The restless, driven, intensely idiosyncratic life of the poet Arthur Rimbaud reads like a biographer's dream. After a brief and explosive career as the enfant sauvage of French literature, he gives up writing poetry at the age of twenty-one, becomes a drifter, gunrunner and African explorer, and expires painfully and deliriously in a Marseilles hospital at the age of thirty-seven. It is a powerful and tragic story: a modern literary myth. It achieves that status partly because of the extraordinary quality of the poetry Rimbaud wrote in the early 1870s, and partly because his later life seems somehow to pursue the dangerous agendas of the poetry into hard-bitten existential reality. He goes off ‘trafficking in the unknown’ – a resonant phrase from one of his otherwise rather clipped African letters.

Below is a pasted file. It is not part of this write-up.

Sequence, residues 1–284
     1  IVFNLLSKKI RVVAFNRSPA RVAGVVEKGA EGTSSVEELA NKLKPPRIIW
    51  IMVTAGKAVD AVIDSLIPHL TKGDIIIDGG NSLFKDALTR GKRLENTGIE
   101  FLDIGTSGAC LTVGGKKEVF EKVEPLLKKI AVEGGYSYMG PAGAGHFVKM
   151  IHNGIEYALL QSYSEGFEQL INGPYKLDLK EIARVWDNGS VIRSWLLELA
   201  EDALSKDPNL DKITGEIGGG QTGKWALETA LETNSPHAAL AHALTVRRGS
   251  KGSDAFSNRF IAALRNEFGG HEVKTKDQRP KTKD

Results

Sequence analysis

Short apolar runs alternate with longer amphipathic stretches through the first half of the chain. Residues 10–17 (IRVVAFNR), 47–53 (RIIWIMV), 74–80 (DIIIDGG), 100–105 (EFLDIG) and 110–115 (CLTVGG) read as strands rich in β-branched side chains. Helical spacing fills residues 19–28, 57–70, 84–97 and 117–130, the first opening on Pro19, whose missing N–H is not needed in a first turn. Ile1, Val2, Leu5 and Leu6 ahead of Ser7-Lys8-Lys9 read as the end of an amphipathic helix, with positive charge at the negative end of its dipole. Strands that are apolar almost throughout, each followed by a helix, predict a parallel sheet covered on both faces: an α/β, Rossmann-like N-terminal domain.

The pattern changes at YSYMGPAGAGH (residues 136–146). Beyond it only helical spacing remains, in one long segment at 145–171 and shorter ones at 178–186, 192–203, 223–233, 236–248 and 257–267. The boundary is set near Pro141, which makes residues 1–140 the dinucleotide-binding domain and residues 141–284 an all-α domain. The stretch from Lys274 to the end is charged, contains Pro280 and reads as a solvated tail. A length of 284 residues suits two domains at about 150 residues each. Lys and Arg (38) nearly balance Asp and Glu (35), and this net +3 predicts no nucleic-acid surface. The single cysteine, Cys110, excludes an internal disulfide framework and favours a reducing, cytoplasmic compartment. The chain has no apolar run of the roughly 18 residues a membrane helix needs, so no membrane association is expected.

But Rimbaud is perhaps more elusive than this lurid synopsis suggests. He is, to say the least, a difficult character to understand or often even to like. He does not need or want anyone trying to ‘make sense’ of him. His abandonment of literature draws a veil of silence over